Rethinking Engagement in Cities: Ending the Professional vs. Citizen Divide
Cities are among humankind’s grandest and most complex creations. Even small urban communities represent the cumulative result of literally hundreds of thousands of public and private, individual and collective decisions over time. They are the playgrounds of spontaneity.
Such an understanding of how cities come into being and evolve is hardly new. Nor are its implications for how we plan and govern cities. While the language has changed, these ideas — and how those with custodianship for urban life approach their responsibilities — have been around for nearly as long as there have been cities. We can look to Ancient Greek political thought for notions about participation and empowerment that have been dressed up for our own times.
We need not look back so far. Anyone who has thought seriously about the contemporary urban condition, for example, has encountered the writings of Jane Jacobs. The specific insights of the ancients and the contemporary deserve serious engagement, criticism and debate. The importance of community engagement and mobilization, one might have thought, has become indisputable over several centuries of reformulation.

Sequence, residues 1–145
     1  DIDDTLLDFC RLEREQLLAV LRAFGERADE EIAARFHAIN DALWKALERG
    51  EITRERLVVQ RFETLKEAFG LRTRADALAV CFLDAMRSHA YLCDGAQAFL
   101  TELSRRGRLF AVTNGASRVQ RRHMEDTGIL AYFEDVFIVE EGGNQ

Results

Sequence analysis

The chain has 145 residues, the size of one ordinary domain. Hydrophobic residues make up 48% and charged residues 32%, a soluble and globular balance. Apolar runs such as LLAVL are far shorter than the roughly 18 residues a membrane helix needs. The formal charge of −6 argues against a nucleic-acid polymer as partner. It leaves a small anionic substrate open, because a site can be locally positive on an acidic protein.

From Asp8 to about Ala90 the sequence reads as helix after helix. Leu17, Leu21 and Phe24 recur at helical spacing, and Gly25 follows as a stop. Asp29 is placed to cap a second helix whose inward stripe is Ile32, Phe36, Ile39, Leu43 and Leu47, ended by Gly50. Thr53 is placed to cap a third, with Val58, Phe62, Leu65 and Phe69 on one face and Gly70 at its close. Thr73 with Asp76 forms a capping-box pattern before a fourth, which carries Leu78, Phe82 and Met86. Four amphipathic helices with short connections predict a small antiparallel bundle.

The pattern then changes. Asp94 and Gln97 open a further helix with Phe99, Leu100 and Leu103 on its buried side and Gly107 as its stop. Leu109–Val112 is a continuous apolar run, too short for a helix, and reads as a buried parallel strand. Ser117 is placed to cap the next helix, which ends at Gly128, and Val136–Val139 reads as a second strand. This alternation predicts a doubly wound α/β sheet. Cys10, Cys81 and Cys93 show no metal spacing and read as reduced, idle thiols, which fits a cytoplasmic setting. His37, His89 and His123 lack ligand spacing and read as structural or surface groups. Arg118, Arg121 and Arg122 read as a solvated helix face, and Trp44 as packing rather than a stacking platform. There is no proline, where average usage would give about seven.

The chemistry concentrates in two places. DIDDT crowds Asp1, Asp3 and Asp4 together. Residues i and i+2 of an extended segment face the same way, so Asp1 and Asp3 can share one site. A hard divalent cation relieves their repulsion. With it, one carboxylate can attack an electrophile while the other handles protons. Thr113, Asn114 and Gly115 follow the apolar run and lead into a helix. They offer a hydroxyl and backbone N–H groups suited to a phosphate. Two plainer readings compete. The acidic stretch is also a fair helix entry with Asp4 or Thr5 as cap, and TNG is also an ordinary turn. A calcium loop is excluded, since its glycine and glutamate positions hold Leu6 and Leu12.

Since the financial crisis of 2008, a plentiful number of urban professionals around the world – including economists, planners, architects, and administrators of all types – have dismissed citizen participation as an extravagant expense that only gets in the way of efficient urban management. They reveal a steady re-entrenchment of top-down approaches to shaping the city in which professionals know best. Involving citizens, it seems, just costs too much.
Ironically, the lessons in recent years that have emerged from post-disaster experiences point in precisely the opposite direction. From Hurricane Katrina to Super Storm Sandy and all variety of man-made and natural disasters across the globe, we have seen integrated communities with high social capital and identity recover more quickly and more efficiently than those which are bedeviled by high levels of social anomie and isolation.
How can we explain this division between empirical lessons learned on the ground and the view from the commanding heights of professionalism?
There are multiple answers to such a complex question. Citizen engagement has often been oversold by its advocates who have failed to overcome challenges such as time, expense and passivity. Moreover, professional knowledge is essential to resolving many technical challenges.